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Lunch Money is a personal finance web app designed to help users track expenses, build savings and get a handle on their money matters.
There's a lot to love about Lunch Money's website copy. To keep things focused, here are my top three favourites:
Lunch Money sells itself on simplicity, so it’s only right their tone of voice should be uncomplicated and straight to the point.
Not a word is wasted while giving a neat overview of the app’s main features and how these can make your life easier.
It’s calm and orderly—presumably to mirror how you feel when Lunch Money helps you get on top of your finances. No sensationalism. No hard sell. Just clear, succinct copy that tells you exactly what you need to know. Lovely.
I love, love, love the animated sign up button in their homepage hero banner. It flashes through all the accomplishments Lunch Money could help you achieve.
It’s a brilliantly unobtrusive way to pack in all the benefits of the app above the fold and an example of the power of a call to value rather than just a call to action. This is then repeated in the CTA at the bottom of the homepage to close strong by doubling down on the benefits.
Serious professional envy over here.
Lunch Money go heavy on their features. Each is treated to its own page with a concise overview relating to clear, relevant benefits.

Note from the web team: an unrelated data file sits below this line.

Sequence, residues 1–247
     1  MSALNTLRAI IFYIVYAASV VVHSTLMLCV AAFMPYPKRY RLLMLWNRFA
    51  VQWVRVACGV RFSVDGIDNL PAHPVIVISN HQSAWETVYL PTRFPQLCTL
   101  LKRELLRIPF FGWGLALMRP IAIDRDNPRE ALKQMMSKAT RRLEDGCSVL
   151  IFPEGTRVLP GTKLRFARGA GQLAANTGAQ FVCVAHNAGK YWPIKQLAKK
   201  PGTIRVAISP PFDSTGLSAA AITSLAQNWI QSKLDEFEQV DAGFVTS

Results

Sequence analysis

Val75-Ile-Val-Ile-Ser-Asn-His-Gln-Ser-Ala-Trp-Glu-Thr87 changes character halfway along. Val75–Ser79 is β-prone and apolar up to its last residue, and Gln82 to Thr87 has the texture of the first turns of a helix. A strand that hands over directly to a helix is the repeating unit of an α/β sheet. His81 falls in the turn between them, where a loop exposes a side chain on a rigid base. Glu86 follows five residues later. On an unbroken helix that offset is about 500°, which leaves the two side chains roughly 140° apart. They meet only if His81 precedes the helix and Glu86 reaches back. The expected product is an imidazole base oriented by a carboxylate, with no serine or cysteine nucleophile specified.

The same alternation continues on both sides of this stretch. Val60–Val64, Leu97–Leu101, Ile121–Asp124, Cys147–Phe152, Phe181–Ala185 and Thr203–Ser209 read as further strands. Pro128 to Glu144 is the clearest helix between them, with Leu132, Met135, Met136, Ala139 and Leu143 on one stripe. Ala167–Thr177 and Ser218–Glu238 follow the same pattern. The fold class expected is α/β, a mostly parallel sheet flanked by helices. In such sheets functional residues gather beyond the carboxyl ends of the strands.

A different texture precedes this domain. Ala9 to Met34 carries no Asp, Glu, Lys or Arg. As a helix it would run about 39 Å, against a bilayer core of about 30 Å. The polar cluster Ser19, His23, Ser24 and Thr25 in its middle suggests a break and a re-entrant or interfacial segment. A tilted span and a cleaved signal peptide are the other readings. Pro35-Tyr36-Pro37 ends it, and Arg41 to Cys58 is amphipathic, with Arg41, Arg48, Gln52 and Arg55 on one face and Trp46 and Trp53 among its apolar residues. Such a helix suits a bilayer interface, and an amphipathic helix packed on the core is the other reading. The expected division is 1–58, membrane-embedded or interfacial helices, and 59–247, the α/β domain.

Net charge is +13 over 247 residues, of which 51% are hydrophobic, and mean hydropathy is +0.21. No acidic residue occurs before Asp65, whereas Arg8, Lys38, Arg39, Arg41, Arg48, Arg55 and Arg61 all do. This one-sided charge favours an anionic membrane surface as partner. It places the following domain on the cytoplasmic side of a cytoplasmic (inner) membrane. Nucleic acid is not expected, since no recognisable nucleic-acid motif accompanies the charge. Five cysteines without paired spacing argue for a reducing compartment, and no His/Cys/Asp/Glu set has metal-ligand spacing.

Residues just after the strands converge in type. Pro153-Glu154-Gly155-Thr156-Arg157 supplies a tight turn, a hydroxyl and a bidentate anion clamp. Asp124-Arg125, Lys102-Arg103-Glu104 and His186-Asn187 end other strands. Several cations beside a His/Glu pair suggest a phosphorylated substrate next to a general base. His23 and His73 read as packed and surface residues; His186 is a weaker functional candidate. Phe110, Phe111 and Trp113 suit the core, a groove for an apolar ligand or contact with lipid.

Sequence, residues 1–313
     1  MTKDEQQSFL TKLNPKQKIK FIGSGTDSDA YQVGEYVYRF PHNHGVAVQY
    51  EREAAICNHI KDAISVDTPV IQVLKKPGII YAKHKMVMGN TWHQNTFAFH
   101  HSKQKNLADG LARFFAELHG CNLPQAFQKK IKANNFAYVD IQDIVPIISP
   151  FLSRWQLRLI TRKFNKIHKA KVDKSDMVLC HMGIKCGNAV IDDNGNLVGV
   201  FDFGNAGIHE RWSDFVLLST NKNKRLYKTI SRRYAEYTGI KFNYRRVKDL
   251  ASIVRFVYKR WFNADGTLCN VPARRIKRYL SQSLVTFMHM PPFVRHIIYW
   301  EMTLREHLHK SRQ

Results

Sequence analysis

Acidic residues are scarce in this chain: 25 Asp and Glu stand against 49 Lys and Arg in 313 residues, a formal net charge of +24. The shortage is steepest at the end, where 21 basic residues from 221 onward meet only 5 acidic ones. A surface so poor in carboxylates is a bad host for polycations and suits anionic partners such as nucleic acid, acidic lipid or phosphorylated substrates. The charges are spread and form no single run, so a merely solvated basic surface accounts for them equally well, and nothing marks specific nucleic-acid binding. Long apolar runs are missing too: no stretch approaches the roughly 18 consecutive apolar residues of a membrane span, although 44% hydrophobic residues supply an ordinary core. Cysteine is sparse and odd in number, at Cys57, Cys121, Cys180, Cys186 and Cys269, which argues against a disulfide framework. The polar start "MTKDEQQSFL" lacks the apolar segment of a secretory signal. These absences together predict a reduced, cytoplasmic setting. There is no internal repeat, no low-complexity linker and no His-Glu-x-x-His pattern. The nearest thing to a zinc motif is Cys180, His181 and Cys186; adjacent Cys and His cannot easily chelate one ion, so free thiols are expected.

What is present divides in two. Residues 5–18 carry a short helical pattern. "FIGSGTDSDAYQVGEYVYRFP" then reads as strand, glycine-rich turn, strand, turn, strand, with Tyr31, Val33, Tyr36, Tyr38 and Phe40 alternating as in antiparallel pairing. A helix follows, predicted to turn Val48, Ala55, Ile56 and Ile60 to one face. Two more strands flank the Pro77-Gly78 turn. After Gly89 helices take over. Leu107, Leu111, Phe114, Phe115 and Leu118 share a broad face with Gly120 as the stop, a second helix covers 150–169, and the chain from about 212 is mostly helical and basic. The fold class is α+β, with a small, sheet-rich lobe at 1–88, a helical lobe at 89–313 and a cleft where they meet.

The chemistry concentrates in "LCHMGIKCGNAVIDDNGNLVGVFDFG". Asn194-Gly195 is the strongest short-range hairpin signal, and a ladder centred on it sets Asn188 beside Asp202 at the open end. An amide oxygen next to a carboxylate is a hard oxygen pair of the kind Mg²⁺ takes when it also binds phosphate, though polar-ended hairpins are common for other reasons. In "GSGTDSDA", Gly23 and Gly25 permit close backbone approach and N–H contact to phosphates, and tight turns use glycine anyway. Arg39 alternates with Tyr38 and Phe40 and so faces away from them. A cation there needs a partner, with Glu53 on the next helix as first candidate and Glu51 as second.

Double points to Gryffindor for tying in specific social proof linked to these benefits—substantiated claims are always the most powerful.
In fact, Lunch Money are masterful in the use of social proof throughout their website. Take a look at Why Lunch Money?
Testimonials arranged by theme build a strong narrative with minimal copy. It communicates their values as a company while building confidence in their offering. I’m sold!
Full disclosure—I originally wrote this piece a few months ago based on a previous iteration of Lunch Money's homepage. My one point for improvement then was more clarity on exactly what and who the app is for. It took me a second longer than I’d like to work out it’s designed for personal finance, rather than business budgeting
Here's their old hero:
My suggestion was to add “personal” to the second heading on their homepage to fix this:
But as you can see, they've gone one better and included it in their new hero. Great minds and all that!
A masterclass in the power of simplicity, with exemplary use of social proof throughout. File under "keep it simple, stupid".